Thank you very much for your e-mail of March 24, 2003 with information
on the families of John Nivison, Sr., (c. 1720-1804) and of his son John, Jr., who
married Sara Tyse.I would very much like to know where you found the birth
dates of John, Jr.’s three children (Ann, William, and John), and, in particular,
what evidence there is connecting the Ann Nivison who married William Van
Cleaf with John Nivison, Jr., and Sara Tyse.
I have a few bits of information which may be helpful to you:
1) In deed book A-4, p. 110, (at the Monmouth Court House in Free-
hold), there is, under the date June 19, 1840, the record of a deed from Jacob
Johnson, administrator of John Niverson, Decd., to a John Johnson, which is
dated May 19, 1806 and which mentions land in the Township of Middletown
granted to John Niveson by William Leland and his wife Jane on May 8, 1744.
If this date is correct (hopefully I copied it correctly!) it proves that John, Sr.
was in Monmouth County well before 1749.
2) I think it indeed probable that John, Sr. was the father of the Mary
who married Jacob Janse at the Dutch Reformed church in 1778, because Janse
is the Dutch form of Johnson and it was Jacob “Johnson” who was the administ-
rator of John, Sr.’s estate.
3) Ann Nivison who married William Van Cleaf did not die young.In
1850, fourteen years after the death of her husband, “Anna Van cleaf, widow of
Capt. William Vancleaf”, joined with her seven living children and theirspouses
to sell various peces of real estate which at that time had still not been distributed
from her husband’s estate.(See Book N-5 of deeds.)
The first three of these children were baptised at the Reformed Dutch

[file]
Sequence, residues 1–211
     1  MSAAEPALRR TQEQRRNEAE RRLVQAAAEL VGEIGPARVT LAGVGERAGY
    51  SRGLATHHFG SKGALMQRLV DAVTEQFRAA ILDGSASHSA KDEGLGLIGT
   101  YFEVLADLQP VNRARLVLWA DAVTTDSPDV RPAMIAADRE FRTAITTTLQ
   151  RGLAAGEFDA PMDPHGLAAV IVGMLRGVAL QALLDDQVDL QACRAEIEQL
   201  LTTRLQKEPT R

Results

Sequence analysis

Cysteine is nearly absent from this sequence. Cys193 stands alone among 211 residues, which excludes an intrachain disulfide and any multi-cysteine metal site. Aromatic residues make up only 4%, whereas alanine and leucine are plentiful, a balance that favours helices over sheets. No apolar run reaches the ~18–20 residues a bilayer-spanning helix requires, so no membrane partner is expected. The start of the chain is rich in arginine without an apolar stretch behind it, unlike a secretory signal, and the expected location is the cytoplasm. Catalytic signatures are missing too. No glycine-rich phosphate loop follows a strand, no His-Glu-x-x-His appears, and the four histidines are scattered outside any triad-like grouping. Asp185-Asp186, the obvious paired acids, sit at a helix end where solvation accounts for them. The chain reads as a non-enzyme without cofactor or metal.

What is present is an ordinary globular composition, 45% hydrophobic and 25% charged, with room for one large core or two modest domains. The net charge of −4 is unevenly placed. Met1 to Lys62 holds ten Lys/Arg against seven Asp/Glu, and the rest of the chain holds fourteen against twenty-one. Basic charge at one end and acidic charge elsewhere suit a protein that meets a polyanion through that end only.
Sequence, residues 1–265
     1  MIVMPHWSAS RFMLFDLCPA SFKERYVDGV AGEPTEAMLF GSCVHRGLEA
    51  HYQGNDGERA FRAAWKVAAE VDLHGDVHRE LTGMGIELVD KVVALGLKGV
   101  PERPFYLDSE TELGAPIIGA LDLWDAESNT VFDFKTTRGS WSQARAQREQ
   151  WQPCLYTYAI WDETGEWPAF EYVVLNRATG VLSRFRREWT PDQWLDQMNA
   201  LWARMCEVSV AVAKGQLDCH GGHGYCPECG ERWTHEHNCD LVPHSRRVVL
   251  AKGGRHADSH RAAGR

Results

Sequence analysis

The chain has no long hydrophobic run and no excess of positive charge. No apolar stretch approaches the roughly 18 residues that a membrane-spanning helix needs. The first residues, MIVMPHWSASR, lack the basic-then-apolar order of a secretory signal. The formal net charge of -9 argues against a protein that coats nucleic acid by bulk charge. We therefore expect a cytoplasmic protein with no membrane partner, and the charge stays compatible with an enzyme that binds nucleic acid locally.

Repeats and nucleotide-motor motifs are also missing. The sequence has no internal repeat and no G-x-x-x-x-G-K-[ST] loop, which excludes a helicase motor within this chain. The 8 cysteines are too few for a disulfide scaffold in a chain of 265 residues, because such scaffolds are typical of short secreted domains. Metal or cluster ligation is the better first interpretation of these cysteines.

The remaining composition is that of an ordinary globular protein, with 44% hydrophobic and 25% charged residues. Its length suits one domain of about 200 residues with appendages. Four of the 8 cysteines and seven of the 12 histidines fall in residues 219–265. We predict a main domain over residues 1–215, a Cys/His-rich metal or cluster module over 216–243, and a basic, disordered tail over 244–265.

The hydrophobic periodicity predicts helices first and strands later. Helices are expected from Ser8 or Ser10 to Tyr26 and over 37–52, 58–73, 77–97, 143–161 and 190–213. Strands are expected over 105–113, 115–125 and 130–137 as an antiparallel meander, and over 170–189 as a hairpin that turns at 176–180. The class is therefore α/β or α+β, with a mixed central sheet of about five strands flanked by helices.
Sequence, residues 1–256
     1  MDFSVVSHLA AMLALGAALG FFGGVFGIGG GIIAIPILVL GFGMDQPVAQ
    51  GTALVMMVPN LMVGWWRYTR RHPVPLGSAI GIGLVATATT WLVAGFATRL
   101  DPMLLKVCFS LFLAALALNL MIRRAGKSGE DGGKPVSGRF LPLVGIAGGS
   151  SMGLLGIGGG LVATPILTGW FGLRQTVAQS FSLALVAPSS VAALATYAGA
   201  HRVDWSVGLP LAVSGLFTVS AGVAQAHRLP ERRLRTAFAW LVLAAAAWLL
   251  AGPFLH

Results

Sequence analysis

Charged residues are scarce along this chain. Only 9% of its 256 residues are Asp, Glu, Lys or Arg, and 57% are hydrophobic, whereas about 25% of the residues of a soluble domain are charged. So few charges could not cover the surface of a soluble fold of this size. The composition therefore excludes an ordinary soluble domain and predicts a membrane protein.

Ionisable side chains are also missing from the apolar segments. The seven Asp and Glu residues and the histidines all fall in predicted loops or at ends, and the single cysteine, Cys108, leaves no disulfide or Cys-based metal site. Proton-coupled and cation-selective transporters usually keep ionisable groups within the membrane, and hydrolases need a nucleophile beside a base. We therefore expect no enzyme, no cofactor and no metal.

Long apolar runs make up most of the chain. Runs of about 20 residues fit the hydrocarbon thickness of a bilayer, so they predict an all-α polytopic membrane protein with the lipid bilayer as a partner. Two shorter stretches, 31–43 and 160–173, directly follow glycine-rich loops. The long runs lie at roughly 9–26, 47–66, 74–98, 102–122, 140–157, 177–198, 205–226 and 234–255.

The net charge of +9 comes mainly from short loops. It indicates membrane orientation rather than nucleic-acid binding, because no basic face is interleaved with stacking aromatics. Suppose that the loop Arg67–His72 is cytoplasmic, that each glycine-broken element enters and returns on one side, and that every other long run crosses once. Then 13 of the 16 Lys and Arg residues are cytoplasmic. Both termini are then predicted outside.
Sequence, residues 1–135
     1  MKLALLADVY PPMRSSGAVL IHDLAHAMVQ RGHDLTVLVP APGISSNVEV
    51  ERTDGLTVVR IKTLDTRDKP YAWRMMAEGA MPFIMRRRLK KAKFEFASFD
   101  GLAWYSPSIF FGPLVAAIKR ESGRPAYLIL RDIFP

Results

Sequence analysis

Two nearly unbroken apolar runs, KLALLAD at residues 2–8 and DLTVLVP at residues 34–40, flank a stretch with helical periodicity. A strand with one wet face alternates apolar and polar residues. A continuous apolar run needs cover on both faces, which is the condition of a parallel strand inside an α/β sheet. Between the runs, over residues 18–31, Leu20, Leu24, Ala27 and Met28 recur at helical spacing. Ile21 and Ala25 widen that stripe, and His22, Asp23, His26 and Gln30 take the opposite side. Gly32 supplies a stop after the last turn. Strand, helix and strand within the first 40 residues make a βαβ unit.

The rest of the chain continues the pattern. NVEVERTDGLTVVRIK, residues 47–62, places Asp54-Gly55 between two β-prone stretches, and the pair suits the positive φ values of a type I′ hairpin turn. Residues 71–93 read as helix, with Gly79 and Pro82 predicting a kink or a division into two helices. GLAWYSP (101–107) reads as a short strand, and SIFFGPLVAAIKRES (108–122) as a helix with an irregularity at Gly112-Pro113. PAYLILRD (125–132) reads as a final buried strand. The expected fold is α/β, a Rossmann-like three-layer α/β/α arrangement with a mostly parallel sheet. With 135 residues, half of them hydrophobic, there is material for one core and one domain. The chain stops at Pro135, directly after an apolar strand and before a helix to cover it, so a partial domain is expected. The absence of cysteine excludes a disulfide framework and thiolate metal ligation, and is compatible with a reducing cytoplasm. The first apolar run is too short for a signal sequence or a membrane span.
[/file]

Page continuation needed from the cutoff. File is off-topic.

Church (Freehold-Middletown) with the curious notation that Ann was “not in
the baptismal engagement”, which I suppose means that she, personally, refused
to undertake the obligation of a parent to bring up the children in the Reformed
faith.This may perhaps indicate that she (and others in her birth family?) were
Baptists with strong opinions against infant baptism, or it may suggest that she
was a determined free thinker.It would be interesting to know.If she was a
Presbyterian, it is hard to see why she would have had objection to Dutch Reformed
doctrine and practices, since the Presbyterians and Reformed were very close in
4) Regarding John, born December 1793, son of John, Jr., I have nothing
definite, but it occurs to me that he could be identical with a John Nivison who
married Eleanor Sutphen.An old note of mine (the original of which I can’t
locate at the moment) says this John Nivison was born in 1792, so th dates don’t
fit exactly.I assume that the John who married Eleanor Sutphen is identical to a
John Nivison of the Township of Freehold who, with Elenor, his wife, received a
deed for land in Freehold Township from an Elenor Nivison on March 1, 1819.
John (called “John, Jr.” in the deed index) sold this land to William Hays on May 3,
1826 (Book L-2, p. 384).Perhaps he moved out of the area at that time.I can’t
think of any other John, Jr., who would have been selling land at this time.
Again, thank you very much for your information.As I said, I would be
most interested in the origin of the birth dates you have for John Jr.’s children and
in any information connecting Ann who married William Van Cleaf with John Jr.